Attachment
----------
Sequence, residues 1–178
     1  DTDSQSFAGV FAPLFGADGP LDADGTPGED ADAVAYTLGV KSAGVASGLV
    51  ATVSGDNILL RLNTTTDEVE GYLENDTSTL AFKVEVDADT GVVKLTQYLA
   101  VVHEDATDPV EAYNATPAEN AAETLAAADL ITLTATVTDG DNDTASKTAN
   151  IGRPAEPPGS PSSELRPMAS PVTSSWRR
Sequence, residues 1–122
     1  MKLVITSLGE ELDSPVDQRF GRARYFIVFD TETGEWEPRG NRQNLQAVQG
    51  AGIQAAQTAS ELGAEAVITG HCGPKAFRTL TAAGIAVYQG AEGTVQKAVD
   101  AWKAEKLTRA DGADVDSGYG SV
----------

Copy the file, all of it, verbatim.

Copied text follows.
Sequence, residues 1–178
     1  DTDSQSFAGV FAPLFGADGP LDADGTPGED ADAVAYTLGV KSAGVASGLV
    51  ATVSGDNILL RLNTTTDEVE GYLENDTSTL AFKVEVDADT GVVKLTQYLA
   101  VVHEDATDPV EAYNATPAEN AAETLAAADL ITLTATVTDG DNDTASKTAN
   151  IGRPAEPPGS PSSELRPMAS PVTSSWRR
Sequence, residues 1–122
     1  MKLVITSLGE ELDSPVDQRF GRARYFIVFD TETGEWEPRG NRQNLQAVQG
    51  AGIQAAQTAS ELGAEAVITG HCGPKAFRTL TAAGIAVYQG AEGTVQKAVD
   101  AWKAEKLTRA DGADVDSGYG SV